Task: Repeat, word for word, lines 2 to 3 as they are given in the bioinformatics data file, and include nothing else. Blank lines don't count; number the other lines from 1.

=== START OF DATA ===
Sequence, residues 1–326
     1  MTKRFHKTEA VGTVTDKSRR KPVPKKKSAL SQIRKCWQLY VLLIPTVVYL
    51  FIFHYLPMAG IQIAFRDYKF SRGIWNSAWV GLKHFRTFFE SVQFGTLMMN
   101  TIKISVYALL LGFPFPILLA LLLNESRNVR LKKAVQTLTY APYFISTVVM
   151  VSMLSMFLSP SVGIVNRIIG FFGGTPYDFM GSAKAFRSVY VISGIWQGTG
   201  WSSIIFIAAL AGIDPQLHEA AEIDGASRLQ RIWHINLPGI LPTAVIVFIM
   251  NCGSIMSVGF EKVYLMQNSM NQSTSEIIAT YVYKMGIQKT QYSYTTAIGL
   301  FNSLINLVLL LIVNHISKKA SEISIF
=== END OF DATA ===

     1  MTKRFHKTEA VGTVTDKSRR KPVPKKKSAL SQIRKCWQLY VLLIPTVVYL
    51  FIFHYLPMAG IQIAFRDYKF SRGIWNSAWV GLKHFRTFFE SVQFGTLMMN